the requirements of each use case. Through a clustering methodology these
dimensions are also presented graphically.

4.      Technical Report “Gap Analysis of Network 2030 New Services,
Capabilities and Use Cases”; The Technical Report on Gap Analysis presents the
current work on network and communication services that has been carried out by
different standards development organizations (SDOs) with respect to the
Network 2030 services, capabilities, and representative use cases. Based on
these inputs, this report identifies gaps, namely issues and technologies that
are not currently addressed, and will be required for the support of new use
cases and the network infrastructure of 2030 and beyond. The major challenges
identified relate particularly to machine to machine communications, autonomous
operations, specific bandwidth requirements, and the finest possible
granularity of time-engineered services.

5.      Technical Report “Additional representative use cases and key network
requirements for Network 2030”; This technical report covers five additional
use cases to those contained in the first report [3, above]: Huge Scientific
Data Applications, Application-aware Data Burst Forwarding, Emergency and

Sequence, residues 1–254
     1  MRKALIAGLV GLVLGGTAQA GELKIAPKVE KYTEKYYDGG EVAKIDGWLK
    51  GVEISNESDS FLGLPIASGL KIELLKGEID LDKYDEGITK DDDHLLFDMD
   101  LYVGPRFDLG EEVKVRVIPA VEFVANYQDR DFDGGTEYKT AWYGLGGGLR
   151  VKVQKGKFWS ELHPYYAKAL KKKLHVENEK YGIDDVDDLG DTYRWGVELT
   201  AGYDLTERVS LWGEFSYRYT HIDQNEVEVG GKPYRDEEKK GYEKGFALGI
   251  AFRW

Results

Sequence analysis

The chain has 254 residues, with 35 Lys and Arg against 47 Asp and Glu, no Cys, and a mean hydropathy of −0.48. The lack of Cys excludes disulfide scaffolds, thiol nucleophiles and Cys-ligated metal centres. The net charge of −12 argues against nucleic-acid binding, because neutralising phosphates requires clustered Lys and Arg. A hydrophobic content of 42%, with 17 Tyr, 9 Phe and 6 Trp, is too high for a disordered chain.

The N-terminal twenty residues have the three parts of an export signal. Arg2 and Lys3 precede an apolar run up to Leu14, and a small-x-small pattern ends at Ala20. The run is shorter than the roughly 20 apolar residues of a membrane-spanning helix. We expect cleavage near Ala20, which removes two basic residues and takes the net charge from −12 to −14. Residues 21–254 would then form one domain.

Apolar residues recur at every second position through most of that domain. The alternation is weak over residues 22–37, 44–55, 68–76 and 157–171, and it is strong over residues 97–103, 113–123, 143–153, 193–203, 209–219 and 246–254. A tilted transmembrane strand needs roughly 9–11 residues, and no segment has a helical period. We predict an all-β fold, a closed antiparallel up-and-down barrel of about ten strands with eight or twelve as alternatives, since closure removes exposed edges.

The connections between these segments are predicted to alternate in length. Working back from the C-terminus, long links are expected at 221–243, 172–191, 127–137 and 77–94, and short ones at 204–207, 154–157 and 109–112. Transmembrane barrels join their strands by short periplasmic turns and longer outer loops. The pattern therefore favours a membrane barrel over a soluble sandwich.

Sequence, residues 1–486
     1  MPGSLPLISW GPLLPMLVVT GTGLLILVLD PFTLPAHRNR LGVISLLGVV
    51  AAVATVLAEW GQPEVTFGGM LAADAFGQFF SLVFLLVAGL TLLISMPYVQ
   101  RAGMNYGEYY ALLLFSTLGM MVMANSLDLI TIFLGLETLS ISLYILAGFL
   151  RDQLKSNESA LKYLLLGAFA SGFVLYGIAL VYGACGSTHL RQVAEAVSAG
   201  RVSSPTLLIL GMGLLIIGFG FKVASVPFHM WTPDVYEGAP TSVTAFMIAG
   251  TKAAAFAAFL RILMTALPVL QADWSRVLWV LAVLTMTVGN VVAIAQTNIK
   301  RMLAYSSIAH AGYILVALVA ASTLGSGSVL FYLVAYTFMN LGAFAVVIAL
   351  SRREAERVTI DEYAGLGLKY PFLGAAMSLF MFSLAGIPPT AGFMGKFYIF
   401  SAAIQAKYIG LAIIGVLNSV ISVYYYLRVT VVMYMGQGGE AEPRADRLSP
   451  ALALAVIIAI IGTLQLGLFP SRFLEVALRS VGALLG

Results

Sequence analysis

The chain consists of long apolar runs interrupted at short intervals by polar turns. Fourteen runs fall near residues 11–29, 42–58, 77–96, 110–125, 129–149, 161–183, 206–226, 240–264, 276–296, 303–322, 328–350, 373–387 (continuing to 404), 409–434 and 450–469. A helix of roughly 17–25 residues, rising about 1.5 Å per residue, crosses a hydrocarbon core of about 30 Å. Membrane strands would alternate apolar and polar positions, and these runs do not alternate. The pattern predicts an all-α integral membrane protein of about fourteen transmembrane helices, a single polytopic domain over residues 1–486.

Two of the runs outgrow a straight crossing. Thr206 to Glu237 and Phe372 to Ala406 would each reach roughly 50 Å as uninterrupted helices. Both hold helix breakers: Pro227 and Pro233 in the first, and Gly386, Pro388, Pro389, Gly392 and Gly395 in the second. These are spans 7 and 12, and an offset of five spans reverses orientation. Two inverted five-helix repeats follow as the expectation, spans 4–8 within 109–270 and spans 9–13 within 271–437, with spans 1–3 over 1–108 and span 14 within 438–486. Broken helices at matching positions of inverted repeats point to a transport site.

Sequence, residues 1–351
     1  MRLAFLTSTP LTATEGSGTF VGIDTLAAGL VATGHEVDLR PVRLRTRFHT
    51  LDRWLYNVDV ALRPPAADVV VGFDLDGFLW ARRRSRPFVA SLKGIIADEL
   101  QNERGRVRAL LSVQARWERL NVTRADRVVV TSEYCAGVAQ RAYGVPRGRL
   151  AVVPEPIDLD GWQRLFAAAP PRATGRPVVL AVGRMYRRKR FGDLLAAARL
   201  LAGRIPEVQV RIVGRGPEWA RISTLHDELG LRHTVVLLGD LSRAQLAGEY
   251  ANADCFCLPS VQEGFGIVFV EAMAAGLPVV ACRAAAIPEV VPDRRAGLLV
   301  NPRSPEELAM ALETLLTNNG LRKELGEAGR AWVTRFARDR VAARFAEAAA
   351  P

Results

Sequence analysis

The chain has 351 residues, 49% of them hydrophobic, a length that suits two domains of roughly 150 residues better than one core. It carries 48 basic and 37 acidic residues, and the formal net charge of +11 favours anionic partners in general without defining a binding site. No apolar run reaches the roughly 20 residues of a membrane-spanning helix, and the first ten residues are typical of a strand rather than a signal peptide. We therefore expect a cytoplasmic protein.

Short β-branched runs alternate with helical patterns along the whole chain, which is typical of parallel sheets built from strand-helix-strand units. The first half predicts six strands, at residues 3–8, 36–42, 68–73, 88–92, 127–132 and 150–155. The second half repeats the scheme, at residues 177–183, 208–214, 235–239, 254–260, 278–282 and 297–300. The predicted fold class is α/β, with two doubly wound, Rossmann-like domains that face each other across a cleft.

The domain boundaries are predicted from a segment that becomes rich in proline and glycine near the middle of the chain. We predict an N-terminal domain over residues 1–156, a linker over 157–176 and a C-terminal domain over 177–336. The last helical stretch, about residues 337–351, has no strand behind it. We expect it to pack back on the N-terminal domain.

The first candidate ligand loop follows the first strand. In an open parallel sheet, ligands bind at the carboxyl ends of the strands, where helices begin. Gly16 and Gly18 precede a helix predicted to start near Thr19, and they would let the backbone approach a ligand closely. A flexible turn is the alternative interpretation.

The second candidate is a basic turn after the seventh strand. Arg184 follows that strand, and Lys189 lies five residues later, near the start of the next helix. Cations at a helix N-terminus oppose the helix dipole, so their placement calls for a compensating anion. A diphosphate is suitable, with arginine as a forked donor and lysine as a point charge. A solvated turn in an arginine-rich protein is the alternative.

disaster rescue, Socialized Internet of Things, and Connectivity and sharing of
pervasively distributed AI data, models and knowledge. Their corresponding key
network requirements are also briefly described. Five overarching abstract
requirement dimensions (articulated within each use case with respect to their
related requirements) are compared graphically. The representative use cases
are also briefly analyzed from the abstract requirement dimension perspective.

6.      Technical Specification “Network 2030 Architecture Framework”;
Technical Specification “Network 2030 Architecture Framework”; This technical
specification begins describing architectural principles and overall
architecture for public networks in the year 2030 and beyond, namely
Network2030. Later, the specification elaborates on the details of access/edge
architecture, routing and addressing, data path security, quality of service
(QoS), burst switching, network slicing, Multi-access Edge Computing (MEC)
federation, and network management for Network2030. Impact of quantum computing
is also addressed.

7.      Technical Report “Description of Demonstrations for Network 2030 on
Sixth ITU Workshop on Network 2030 and Demo Day, 13 January 2020”, Doc-O-037;
This technical report provides a description of demonstrations made on Sixth
ITU Workshop on Network 2030 and Demo Day, 13 January 2020, Lisbon. It includes
New IP demonstration, Computing Power Network demonstration, Self-Generated
Intent-Based System demonstration and Enabling Internet-scale Holographic-Type
Communications demonstration.

8.      Technical Specification “Terms and Definitions for Network 2030”.
This technical specification represents a glossary of terms helping to
understand the Network 2030 use cases, requirements, challenges, and potential
operation.